The System Identification Toolbox™ software provides three types of nonlinear model structures:
The toolbox refers to Nonlinear ARX and Hammerstein-Wiener collectively as "nonlinear black box" models. You can configure these models in a variety of ways to represent various behavior using nonlinear functions such as wavelet networks, tree partitions, piece-wise linear functions, polynomials, saturation and dead zones.
The nonlinear grey-box models lets you to estimate coefficients of nonlinear differential equations.
Nonlinear ARX models extend the linear ARX models to the nonlinear case and have this structure:
y(t) = f(y(t - 1), ..., y(t - na), u(t - nk), ..., u(t -nk -nb + 1))
where the function f depends on a finite number of previous inputs u and outputs y. na is the number of past output terms and nb is the number of past input terms used to predict the current output. nk is the delay from the input to the output, specified as the number of samples.
Use this model to represent nonlinear extensions of linear models. This structure allows you to model complex nonlinear behavior using output functions that combine linear and nonlinear components, such as wavelet and sigmoid networks. Typically, you use nonlinear ARX models as black-box structures. The output function of the nonlinear ARX model is a flexible mapping function with parameters that need not have physical significance.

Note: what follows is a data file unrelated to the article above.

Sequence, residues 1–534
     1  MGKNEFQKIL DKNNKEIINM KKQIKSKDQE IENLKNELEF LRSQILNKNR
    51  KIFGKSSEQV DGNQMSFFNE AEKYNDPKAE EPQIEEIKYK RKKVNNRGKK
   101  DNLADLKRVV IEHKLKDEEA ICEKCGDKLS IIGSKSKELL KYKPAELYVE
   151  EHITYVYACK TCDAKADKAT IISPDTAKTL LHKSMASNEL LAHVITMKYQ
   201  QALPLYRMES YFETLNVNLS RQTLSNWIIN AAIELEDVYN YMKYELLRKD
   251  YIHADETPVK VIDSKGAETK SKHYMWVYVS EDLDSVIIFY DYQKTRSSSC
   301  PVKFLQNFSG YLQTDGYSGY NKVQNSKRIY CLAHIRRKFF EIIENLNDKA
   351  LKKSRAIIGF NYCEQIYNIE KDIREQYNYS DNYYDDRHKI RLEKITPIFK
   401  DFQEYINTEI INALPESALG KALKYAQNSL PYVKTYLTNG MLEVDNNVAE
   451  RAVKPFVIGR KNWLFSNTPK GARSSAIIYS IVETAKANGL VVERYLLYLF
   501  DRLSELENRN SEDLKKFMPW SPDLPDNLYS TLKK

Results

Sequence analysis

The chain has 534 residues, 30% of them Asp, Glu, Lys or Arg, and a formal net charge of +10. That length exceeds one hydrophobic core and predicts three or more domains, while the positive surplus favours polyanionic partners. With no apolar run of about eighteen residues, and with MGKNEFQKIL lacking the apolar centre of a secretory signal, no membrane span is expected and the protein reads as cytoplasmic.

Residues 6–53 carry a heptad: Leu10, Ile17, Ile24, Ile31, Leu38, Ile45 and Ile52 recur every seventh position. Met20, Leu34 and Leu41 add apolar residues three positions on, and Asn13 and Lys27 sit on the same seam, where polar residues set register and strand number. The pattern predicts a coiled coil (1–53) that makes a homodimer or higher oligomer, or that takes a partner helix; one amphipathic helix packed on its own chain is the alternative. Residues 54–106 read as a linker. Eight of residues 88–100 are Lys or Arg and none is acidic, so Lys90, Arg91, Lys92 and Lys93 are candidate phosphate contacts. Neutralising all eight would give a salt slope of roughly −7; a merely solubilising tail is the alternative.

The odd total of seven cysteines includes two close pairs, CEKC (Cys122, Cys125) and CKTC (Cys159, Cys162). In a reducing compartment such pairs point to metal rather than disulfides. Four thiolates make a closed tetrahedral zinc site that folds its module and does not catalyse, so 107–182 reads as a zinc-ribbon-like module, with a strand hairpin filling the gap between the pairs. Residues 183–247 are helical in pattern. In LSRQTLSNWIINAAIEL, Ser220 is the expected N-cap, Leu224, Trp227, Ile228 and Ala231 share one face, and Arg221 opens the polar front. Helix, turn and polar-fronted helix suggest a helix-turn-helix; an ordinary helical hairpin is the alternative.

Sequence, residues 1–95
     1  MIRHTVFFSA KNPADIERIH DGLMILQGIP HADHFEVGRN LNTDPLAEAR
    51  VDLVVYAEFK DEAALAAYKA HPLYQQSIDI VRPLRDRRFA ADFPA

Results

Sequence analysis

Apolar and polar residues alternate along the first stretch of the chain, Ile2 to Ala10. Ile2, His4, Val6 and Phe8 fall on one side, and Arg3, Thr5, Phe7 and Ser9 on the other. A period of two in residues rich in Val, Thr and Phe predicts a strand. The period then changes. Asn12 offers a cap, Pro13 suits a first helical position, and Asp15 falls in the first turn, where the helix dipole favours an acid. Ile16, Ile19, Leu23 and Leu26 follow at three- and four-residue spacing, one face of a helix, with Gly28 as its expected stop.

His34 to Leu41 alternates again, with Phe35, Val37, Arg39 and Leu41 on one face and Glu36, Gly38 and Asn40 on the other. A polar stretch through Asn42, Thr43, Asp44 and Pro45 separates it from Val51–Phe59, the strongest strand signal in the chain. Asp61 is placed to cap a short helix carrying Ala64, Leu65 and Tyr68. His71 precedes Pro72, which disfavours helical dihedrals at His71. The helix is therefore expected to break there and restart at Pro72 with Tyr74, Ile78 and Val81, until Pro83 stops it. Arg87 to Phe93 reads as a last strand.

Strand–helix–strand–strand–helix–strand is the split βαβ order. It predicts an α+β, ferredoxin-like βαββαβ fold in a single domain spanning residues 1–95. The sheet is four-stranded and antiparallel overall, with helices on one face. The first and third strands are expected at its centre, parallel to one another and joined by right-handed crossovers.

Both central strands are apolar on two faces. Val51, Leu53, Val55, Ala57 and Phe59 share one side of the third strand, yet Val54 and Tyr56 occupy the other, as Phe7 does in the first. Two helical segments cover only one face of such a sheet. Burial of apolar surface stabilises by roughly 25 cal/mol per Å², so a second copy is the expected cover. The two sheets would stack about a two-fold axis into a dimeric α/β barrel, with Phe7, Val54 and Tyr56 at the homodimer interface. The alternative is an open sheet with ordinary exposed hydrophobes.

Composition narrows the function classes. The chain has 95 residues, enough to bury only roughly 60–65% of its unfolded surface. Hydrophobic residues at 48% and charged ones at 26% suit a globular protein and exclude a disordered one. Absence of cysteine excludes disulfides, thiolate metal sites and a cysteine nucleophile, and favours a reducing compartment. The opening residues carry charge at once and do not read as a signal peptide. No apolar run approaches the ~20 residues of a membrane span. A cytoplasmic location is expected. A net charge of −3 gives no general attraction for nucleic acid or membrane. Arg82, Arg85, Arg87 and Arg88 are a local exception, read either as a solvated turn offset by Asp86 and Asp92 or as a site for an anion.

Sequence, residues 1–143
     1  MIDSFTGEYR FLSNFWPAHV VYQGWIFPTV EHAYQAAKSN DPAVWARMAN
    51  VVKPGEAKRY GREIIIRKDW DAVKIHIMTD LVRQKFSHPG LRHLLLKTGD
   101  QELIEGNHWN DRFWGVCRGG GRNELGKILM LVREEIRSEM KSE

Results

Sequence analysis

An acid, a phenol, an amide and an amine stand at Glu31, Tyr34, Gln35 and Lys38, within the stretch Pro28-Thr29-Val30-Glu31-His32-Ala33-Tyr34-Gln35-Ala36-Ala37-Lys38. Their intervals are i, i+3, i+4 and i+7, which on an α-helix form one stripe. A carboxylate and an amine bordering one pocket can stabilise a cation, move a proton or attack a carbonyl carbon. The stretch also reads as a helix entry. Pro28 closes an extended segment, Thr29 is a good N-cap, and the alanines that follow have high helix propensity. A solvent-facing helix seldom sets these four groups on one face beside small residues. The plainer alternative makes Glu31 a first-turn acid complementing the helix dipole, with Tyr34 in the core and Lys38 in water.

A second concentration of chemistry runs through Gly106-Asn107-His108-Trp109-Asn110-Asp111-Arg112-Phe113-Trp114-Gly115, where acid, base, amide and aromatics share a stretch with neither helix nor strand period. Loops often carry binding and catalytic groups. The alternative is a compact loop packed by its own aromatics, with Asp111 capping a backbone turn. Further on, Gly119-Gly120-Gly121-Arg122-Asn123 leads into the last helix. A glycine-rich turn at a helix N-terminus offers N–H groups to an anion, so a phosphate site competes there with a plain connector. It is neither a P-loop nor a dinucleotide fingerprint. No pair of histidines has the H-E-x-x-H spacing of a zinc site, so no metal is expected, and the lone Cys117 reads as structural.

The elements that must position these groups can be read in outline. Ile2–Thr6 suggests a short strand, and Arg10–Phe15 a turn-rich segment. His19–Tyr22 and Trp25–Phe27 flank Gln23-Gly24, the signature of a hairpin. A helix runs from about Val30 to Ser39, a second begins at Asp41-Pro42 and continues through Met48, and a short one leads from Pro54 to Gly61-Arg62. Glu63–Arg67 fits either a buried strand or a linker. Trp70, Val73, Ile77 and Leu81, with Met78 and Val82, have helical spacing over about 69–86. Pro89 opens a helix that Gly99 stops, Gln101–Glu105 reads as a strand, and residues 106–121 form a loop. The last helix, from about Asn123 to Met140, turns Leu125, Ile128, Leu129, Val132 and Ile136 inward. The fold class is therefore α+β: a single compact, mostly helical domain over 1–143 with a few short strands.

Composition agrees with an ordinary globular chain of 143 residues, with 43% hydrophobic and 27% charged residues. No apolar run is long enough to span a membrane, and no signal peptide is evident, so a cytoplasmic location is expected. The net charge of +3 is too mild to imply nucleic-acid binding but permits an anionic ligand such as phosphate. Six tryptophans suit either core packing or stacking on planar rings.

Hammerstein-Wiener models describe dynamic systems using one or two static nonlinear blocks in series with a linear block. The linear block is a discrete transfer function and represents the dynamic component of the model.
You can use the Hammerstein-Wiener structure to capture physical nonlinear effects in sensors and actuators that affect the input and output of a linear system, such as dead zones and saturation. Alternatively, use Hammerstein-Wiener structures as black box structures that do not represent physical insight into system processes.
Nonlinear state-space models have this representation:
where F and H can have any parameterization.
A nonlinear ordinary differential equation of high order can be represented as a set
of first order equations. You use the
idnlgrey object to specify the
structures of such models based on physical insight about your system. The
parameters of such models typically have physical interpretations. Use this model to
represent nonlinear ODEs with unknown parameters.
For more information about estimating nonlinear state-space models, see Grey-Box Model Estimation.